Mr Wessels, who is having a very loud, demonstrative exchange with a colleague, ushers us in with a “Kom in! Kom in!” before flinging a pile of papers into an in-tray, still muttering as his co-worker leaves the room. “Sit,” he says and I sit, as someone thoughtfully brings in a chair for my mother. Once again, we explain ourselves and, to my surprise, Mr Wessels picks up a note on his desk with the details we had given the receptionist yesterday. “O, ja – hierdie een,” and he jumps up, dashes to a steel cabinet which seems to be bursting at the seams, flings open the door, burrows around and emerges with a printout which he triumphantly drops on the corner of his desk and furiously starts paging through. “Wesson… Wesson… Wesson… Hier’s sy!” It is an alphabetical list of graves in the old cemetery and, sure enough, there is Aunt Minnie’s name. Mr Wessels scribbles the grave number on a piece of paper: 419009. Apparently, this means plot 4, row 19 and grave 9. He grabs his keys and says he’ll show us the grave. In the same breath, he puts his keys down again and spins round to rummage in the embankments of paper that have built up around his desk, mumbling something about “my ander boek”. Then he finds it and holds it aloft – an A4 exercise book. Snatching up his keys once more, he heads out the office at breakneck speed. The whole meeting has probably taken less than five minutes. Outside, we discover that my father has vanished, doubtless to buy a newspaper. We phone him to let him know that Mr Wessels is going to show us the grave, when Mr Wessels gets a phonecall. Apparently, someone has been digging somewhere and unearthed what appear to be human bones which apparently makes it Mr Wessels’ problem. Completely unphased, he’s not to be thrown off his current mission, but is clearly in a massive hurry, so we decide that I will drive to the cemetery with him while my mother waits for my Dad to return.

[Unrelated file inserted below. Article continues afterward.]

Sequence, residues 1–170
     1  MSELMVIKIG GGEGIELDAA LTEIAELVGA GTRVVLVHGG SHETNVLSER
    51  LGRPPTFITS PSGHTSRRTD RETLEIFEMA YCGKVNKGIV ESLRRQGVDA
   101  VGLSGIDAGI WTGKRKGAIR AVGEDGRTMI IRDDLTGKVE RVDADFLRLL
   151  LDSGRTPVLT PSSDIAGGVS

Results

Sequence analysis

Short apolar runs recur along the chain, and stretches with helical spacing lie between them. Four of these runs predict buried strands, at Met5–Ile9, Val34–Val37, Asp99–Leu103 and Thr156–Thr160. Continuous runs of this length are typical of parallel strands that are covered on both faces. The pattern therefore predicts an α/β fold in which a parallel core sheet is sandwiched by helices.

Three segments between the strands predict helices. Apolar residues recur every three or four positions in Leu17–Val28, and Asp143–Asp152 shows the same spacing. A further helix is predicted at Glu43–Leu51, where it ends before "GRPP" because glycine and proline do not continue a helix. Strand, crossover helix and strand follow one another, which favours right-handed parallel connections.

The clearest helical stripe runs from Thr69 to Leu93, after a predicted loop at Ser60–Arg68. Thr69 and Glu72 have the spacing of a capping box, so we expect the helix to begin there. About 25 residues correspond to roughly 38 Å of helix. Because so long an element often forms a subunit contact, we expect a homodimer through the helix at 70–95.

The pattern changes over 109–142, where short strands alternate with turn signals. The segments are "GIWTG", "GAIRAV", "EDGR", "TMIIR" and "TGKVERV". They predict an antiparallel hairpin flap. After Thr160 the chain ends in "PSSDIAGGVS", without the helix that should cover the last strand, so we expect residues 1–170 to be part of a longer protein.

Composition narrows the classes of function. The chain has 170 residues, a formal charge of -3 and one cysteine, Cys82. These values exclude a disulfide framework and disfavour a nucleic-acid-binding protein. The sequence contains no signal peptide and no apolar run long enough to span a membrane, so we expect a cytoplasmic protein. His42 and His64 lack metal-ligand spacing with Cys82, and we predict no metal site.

Mr Wessels is talking non-stop as his bakkie bounces obediently over and through the potholes which he barely seems to notice. As he careers around the left hand bend toward the graves, I say a quick prayer of gratitude for my seatbelt, without which I may have been flung straight out the drivers’ side window. He pulls to a stop at the same dejected-looking stone pillars we had seen the day before. It’s almost as if they themselves are somehow ashamed of the state of this that they are presiding over. Mr Wessels is out of the vehicle almost before I’ve managed to undo that seatbelt. He marches down the overgrown pathway in his boots, still talking ceaselessly, as I trot gingerly behind in my billowing skirt and flip-flops, camera swinging from my arm. He comes to an abrupt halt opposite a round, black sign with a large number 1 painted on it in white and points out a similar sign across the pathway with a large number 3 on it, before confirming with me in an easy English-Afrikaans mix that we’re looking for plot 4. I reply in the affirmative, and he continues talking at high speed (as much to himself as to me), deducing that plot 4 must be off to our left. And then he shoots off again, exercise book now open, ploughing through the knee-high grass, while I try to keep up and avoid broken beer bottles at the same time. He’s counting now, the row numbers in the plot, which, curiously, start at 9. How he manages to make any sense of the seemingly haphazard arrangement of overgrown graves, I’ll never know, but then I hear him say “neentien” and see him bolt off into the undergrowth on the right. He’s counting again, this time from 1. He squeezes between a large grave and a bright green shrub, before clambering over the corner of another grave and finally pausing to ask me who we’re looking for again. I remind him of the surname and he starts reading the graves: “Thomas?” “Nee,” I say, and he steps into the next row, muttering that perhaps it is one of the several broken graves in the vicinity, or one of those whose headstone has fallen, facedown into the dirt. I start losing hope – again. What are the chances that Great Great Aunt Minnie’s grave is still intact in all this mess?

Part 2